Mindfulness Cycling 6/14

Originally, I was going to call this post, “Raging Cyclist” and cover all the emotions in cycling. I think I’ll still do this, but this happened to connect with the next Mindfulness Training: The Sixth Mindfulness Training: Taking Care of Anger

I read this here:


“Atomic Grrrrrl (Brooklyn, NY USA)

…Let me explain: there’s a huge problem in the cycling community right now, one that threatens to ruin the cycling movement in this country if it isn’t nipped in the bud. For some reason, there’s a small contingent of people who develop into the Raging Cyclist. This is a person who has a bad experience or two with a motorist, pedestrian, etc. Or maybe, due to personal problems, he or she has decided to play his frustrations out on the road. Next thing you know, this person develops an overtly negative, almost poisonous hatred of anyone who isn’t a cyclist. An “attitude” then develops in which he sees himself in some type of “battle zone” where everyone’s an “enemy”, everything’s personal, everyone’s out to “get him”. Next thing you know, he develops the type of road rage where he’s screaming randomly at pedestrians, smashing windshields, or getting into verbal confrontations with motorists.”

I love this because I thought, “Yes”. I was this person. Thanks Atomic Grrrrrl, if that’s your real name. 🙂

She continues:

“I don’t have to tell you why Raging Cyclists like that are terrible. For one, they give the cycling community a bad name. Two, they give motorists who are already “on the edge” all the justification they need to run down an innocent cyclist who may be the most courteous person in the world but for all the motorist knows, is no different than the person who smashed his side mirror the other day. Three, they’re a bad influence on newbies, who are taught to become as angry as they are. This results in more “angry cyclists” to swell their ranks, who then act poorly when they ride, which further denigrates the community in the eyes of non-cyclists.”

For some reasons, this is something to be concerned about, but as Russell Brand said, “The only thing you should really worry about is getting enough to eat and being kind to others…and perhaps some sex.”

“The Urban Cyclist’s Survival Guide should be commended for trying to do something–however minor– to combat this problem by stressing a zen-like attitude when riding.”

I love it because this is exactly what I decided to do after getting buzzed by four cars in a row right in front of Disney Land. I was so scared that I thought that they’d have Mickey Mouse out there giving me mouth to mouth.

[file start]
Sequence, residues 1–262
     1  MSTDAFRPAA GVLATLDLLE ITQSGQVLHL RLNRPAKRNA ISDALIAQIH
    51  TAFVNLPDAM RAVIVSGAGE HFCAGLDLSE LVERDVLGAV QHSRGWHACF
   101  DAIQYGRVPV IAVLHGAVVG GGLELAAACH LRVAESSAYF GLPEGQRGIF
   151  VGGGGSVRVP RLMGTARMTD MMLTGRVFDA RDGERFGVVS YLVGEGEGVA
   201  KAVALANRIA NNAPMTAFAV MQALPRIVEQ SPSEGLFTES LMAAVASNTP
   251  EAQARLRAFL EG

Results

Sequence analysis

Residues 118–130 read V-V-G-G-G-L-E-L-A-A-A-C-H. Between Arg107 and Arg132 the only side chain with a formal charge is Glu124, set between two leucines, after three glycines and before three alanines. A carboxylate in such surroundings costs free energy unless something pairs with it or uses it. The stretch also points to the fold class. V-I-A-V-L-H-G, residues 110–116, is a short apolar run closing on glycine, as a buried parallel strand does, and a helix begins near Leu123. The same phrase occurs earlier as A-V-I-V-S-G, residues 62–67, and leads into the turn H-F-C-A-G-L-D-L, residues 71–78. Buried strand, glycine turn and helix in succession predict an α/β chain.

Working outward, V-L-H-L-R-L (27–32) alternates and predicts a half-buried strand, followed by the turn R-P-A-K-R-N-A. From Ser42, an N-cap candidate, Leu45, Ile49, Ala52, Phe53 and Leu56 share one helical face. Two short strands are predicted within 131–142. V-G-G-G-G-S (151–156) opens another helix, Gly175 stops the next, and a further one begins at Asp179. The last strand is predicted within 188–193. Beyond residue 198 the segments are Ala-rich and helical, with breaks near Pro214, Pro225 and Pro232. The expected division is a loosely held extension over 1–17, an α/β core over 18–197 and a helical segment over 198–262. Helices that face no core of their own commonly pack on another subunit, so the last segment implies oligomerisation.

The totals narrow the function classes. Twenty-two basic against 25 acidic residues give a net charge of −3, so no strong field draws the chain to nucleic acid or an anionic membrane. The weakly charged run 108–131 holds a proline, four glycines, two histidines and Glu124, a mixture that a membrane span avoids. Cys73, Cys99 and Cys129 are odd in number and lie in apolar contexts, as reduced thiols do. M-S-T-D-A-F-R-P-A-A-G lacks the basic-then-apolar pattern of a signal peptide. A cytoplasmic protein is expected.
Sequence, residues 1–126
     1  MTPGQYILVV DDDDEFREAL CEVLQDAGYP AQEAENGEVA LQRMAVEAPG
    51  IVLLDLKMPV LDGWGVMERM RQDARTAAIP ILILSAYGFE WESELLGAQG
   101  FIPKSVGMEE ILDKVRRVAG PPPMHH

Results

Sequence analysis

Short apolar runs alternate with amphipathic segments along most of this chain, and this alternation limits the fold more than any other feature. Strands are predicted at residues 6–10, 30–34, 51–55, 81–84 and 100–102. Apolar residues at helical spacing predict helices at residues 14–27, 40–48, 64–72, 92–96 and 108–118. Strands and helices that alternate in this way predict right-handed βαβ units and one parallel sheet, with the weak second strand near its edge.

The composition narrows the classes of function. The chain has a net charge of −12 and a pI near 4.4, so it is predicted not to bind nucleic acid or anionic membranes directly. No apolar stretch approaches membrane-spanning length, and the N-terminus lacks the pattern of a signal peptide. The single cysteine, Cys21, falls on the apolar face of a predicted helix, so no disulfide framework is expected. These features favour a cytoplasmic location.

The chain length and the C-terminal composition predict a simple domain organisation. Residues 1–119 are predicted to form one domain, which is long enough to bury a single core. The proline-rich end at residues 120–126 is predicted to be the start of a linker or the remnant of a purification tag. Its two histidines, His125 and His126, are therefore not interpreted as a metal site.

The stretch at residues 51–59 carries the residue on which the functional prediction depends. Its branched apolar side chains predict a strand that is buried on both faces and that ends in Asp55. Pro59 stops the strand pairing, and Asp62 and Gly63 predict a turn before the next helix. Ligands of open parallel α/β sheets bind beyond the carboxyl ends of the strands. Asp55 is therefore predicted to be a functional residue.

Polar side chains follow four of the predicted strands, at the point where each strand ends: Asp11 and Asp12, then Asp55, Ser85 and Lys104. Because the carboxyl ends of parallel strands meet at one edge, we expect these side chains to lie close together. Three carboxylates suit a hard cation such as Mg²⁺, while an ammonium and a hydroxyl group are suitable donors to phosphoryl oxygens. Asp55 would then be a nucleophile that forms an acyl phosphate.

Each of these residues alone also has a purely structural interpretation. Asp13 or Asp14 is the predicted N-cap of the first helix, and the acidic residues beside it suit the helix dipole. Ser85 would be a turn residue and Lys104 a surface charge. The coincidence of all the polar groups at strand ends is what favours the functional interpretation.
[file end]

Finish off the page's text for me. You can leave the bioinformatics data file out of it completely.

I find that if I totally ignore cars, emotionally, espescially those who buzz me by passing two closely (Thanks Jerry Brown!), I feel better. Plus, I noticed that in general, the cars actually get freaked out. Not the cars, really, but the motorists inside. At least they give me more room after this.

Let’s see what the Buddhists have to say about anger.

“When anger manifests, we are determined not to do or say anything, but to practice mindful breathing or mindful walking to acknowledge, embrace, and look deeply into our anger.”

That’s nice, but I find that I actually will just ignore the anger. I don’t know if it’s practice or what, but usually this works.

It didn’t that time that guy deliberately hit me, but then again, that was another less to me that if _I_ had not reacted, the day would have gone better.

I feel that any reaction at all to assholes is a win for them. If it hurts me that they are so callous imagine what it does to them when they try to “teach me a lesson” aka give me a good scare and it does not work.

Also, the Buddhists believe that your emotional state when you die plays a huge role in where you will end up. That is, if you are caught up in anger before you die, you’ll go to hell. I keep this in mind when people are buzzing me. For those of you who do not believe in superstitious nonsense, I can’t help you. I learned, a few years ago that there are bad delusions and good ones…

More from Buddhism:

“We know that the roots of anger are not outside of ourselves but can be found in our wrong perceptions and lack of understanding of the suffering in ourselves and others.”

Yes! I love this line.

“We know that the roots of anger are not outside of ourselves but can be found in our wrong perceptions and lack of understanding of the suffering in ourselves and others.”

This can work. It takes years, but you, too, can have less anger.

One thing in this training I did not like was the whole notion of anger as being the enemy.

I like the idea that all of our emotions are assets including fear, anger, and even depression.

It’s all in how you use the emotion.

Also, Thich Nat Hahn had said in an earlier book, _Being Peace_, that when you are angry, you are your anger. So to fight the anger is to fight yourself. This calmed me down even more so.


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